Rocketdoc Notes – Week of January 17, 2021

What will Biden’s Space Program be like?


Like many of you I watched the Inauguration Wednesday. It is always impressive, and I liked the tone of Biden’s speech, especially about trying to bring us all together. That said, will a strong space program bring us together, or push us further apart? That’s the real question and right now I’m seeing mixed signals. Here are a couple of press releases, the first out of NASA, and the second out of the AIAA Daily Launch blog. Both are very appropriate.

Message from NASA Acting Administrator Steve Jurczyk and Senior White House Appointee Bhavya Lal

Status Report From: NASA HQ Posted: Wednesday, January 20, 2021

“As we begin this next chapter for NASA, we want to thank Jim Bridenstine and Jim Morhard for their service and leadership of the agency through the many great successes and formidable challenges of the last few years.

We also could not be prouder of how every civil servant and contractor has stepped up to move the NASA mission forward while looking out for the health, safety, and well-being of the entire team. NASA represents the best of America, and the best of American values: hard work, determination, and ingenuity. And this agency has proven, time and again, that anything is possible when we come together, break down barriers, create opportunities, and imagine a new tomorrow.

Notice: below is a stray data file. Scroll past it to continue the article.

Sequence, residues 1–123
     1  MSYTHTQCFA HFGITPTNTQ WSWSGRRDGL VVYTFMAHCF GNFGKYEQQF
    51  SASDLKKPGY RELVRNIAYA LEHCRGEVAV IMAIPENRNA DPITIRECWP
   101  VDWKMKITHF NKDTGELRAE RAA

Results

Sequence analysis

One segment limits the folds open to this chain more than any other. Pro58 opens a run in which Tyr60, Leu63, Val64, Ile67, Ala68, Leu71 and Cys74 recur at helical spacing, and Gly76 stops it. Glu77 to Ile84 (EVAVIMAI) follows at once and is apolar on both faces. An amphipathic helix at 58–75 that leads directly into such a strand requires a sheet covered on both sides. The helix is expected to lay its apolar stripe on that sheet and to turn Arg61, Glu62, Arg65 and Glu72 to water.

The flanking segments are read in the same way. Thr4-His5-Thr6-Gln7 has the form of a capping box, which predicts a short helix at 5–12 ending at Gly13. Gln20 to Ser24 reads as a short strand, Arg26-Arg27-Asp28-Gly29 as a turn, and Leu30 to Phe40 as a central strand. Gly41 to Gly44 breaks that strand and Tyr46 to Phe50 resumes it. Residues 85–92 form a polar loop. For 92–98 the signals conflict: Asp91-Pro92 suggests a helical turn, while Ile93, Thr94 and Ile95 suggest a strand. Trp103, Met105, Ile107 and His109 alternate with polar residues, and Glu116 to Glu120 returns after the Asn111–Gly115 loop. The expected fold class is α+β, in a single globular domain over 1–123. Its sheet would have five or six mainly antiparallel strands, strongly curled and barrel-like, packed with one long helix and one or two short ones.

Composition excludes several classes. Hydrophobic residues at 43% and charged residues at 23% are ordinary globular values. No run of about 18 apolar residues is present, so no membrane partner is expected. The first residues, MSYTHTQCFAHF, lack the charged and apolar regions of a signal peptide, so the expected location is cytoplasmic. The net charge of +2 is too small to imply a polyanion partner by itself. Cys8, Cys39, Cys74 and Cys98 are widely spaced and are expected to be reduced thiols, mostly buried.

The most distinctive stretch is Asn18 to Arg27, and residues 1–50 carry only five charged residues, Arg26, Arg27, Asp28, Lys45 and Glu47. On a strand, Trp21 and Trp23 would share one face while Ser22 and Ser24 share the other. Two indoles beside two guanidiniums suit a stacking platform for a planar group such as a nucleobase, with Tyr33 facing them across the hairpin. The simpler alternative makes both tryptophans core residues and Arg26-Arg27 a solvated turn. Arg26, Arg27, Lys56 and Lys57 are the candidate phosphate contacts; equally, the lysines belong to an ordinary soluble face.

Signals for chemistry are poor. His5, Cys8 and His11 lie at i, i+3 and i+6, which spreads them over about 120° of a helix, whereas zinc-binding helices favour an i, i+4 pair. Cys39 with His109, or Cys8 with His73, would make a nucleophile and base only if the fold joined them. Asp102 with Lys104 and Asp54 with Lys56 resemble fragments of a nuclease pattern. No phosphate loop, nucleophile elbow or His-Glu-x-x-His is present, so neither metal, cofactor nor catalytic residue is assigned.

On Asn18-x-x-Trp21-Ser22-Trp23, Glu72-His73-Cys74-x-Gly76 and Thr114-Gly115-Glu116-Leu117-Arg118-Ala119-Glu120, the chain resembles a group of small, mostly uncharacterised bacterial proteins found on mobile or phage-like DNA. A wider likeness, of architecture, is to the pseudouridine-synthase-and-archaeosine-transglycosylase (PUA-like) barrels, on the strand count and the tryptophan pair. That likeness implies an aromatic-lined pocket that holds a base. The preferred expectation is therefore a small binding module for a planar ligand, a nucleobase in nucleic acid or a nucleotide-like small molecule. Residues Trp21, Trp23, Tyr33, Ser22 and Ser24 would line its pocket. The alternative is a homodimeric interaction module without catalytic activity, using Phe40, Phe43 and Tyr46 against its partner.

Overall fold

We face unprecedented challenges in our country today with a public health crisis, economic challenges, and a reckoning with racial injustice and inequality. And all of us – as Americans and as public servants – are called to meet those challenges.

The Biden-Harris Administration’s commitment to diversity, equity and inclusion, combating climate change, and creating economic opportunity for all Americans is real – and we all have a role to play in turning that commitment into action. At NASA, we embrace diversity because we understand that different opinions, backgrounds, and perspectives create an enriching environment that fuels innovation and personal growth. Every difference of opinion, background, or perspective is an opportunity to learn and build relationships in the workplace that will make us stronger as an agency and as individuals. This is how we get through difficult times. It’s also how we achieve missions of unparalleled complexity and ambition that inspire the world.